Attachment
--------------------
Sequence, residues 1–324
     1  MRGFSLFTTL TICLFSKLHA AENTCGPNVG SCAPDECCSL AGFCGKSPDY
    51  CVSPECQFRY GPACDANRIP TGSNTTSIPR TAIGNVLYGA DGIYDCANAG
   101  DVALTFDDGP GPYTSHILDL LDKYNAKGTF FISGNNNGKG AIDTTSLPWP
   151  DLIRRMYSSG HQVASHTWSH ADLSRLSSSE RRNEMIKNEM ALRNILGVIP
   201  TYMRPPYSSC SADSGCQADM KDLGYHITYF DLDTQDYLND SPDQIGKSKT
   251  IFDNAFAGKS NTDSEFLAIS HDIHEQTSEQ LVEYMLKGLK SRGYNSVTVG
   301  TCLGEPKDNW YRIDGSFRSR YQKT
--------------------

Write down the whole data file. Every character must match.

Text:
Sequence, residues 1–324
     1  MRGFSLFTTL TICLFSKLHA AENTCGPNVG SCAPDECCSL AGFCGKSPDY
    51  CVSPECQFRY GPACDANRIP TGSNTTSIPR TAIGNVLYGA DGIYDCANAG
   101  DVALTFDDGP GPYTSHILDL LDKYNAKGTF FISGNNNGKG AIDTTSLPWP
   151  DLIRRMYSSG HQVASHTWSH ADLSRLSSSE RRNEMIKNEM ALRNILGVIP
   201  TYMRPPYSSC SADSGCQADM KDLGYHITYF DLDTQDYLND SPDQIGKSKT
   251  IFDNAFAGKS NTDSEFLAIS HDIHEQTSEQ LVEYMLKGLK SRGYNSVTVG
   301  TCLGEPKDNW YRIDGSFRSR YQKT